Yiannopoulos on California campus, police gird for violence

Milo Yiannopoulos
FILE - In this Feb. 21, 2017 file photo, Milo Yiannopoulos speaks during a news conference, in New York. A fan of right-wing provocateur Yiannopoulos has filed a lawsuit Monday, June 5, against the regents of the University of California, the mayor of Berkeley and a slew of others over alleged civil rights and First Amendment violations. Oakland resident Kiara Robles planned to attend a Feb. 1 speech by Yiannopoulos at UC Berkeley's campus that was cancelled after protests turned violent. (AP Photo/Mary Altaffer, File)

FULLERTON, Calif. (AP) — Right-wing firebrand Milo Yiannopoulos is scheduled to speak at a Southern California college campus on Halloween night and other student groups are planning a “unity” party demonstration to offset what they say is his hateful rhetoric.

About 800 people are expected to attend the speech at California State University, Fullerton, but it’s unclear how many might show up in opposition.

Campus police are stepping up security for potentially dueling demonstrations. Masks and face paint are prohibited in a cordoned-off area around the event and only ticketholders can get in.

The event comes after a series of other scheduled speeches by Yiannopoulos have fallen through. He called off a weekend appearance in Arizona after a series of threats, and made a fleeting appearance at the famously liberal University of California, Berkeley last month after a weeklong free speech event he helped organize was called off.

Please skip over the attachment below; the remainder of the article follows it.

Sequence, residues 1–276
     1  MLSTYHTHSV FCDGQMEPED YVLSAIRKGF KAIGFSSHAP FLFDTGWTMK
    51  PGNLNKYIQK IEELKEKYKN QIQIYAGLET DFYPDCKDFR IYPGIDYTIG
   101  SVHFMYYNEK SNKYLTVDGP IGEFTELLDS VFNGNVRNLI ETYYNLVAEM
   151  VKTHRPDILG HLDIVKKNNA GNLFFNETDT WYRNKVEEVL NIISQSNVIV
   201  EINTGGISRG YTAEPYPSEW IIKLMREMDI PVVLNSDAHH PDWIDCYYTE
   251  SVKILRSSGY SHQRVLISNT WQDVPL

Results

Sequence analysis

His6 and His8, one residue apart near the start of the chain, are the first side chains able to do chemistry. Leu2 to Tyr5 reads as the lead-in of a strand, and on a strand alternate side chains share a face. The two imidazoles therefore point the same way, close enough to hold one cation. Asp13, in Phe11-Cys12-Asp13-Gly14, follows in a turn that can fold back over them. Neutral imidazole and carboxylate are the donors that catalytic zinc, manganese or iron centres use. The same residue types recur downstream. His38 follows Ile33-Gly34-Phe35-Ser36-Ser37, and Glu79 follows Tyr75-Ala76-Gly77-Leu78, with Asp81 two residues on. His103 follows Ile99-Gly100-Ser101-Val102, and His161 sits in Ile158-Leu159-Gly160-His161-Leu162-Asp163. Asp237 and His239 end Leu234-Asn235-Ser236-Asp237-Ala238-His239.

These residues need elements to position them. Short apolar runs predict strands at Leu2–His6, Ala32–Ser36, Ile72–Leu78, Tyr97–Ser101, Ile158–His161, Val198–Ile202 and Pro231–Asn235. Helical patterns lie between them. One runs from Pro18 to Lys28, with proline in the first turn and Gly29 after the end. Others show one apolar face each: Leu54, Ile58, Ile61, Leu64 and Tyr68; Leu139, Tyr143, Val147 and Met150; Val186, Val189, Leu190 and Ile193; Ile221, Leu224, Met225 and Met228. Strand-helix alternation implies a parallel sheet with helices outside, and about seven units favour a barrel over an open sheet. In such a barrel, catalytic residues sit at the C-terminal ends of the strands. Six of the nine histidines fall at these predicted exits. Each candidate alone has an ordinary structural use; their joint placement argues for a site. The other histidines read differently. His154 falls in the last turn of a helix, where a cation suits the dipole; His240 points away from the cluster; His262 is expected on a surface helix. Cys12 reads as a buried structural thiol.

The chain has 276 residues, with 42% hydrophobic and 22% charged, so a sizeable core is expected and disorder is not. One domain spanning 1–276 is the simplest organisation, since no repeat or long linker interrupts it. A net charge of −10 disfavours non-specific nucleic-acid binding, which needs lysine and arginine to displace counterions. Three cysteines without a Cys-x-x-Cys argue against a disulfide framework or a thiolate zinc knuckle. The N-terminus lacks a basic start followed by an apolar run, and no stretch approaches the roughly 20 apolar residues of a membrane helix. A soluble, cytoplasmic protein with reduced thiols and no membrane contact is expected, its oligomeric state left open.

Last February, Cal-Berkeley police canceled Yiannopoulos’ scheduled speech on campus just before it was to begin, citing safety concerns. A large crowd had gathered outside and the peaceful demonstration turned violent when dozens of black-clad anarchists appeared and attacked some demonstrators and later vandalized some businesses near the campus.

Cal State Fullerton is a largely commuter campus serving about 40,000 students. Unlike Berkeley, the school isn’t known as a hotbed of political activism, though there has been an increase in rallies and demonstrations over the last year, campus police Lt. Scot Willey said.

Yiannopoulos was invited to speak by the College Republicans. Brooke Paz, a spokeswoman for the group, said the goal was to draw attention to free speech and the presence of politically conservative students on campus.

“We really just felt left out of the conversations on campus as conservatives and bringing him has really started this conversation about free speech,” she said.

Brittany Goss, an organizer for Students for Quality Education, said she wishes the school hadn’t allowed the event, which is prompting a campus bookstore and recreation center to close early as a precaution.

She said her organization and Latino, women and immigrant groups are planning a peaceful, festival-like event to show their opposition to Yiannopoulos.

“We hope to kind of show that this is what our community is about,” she said.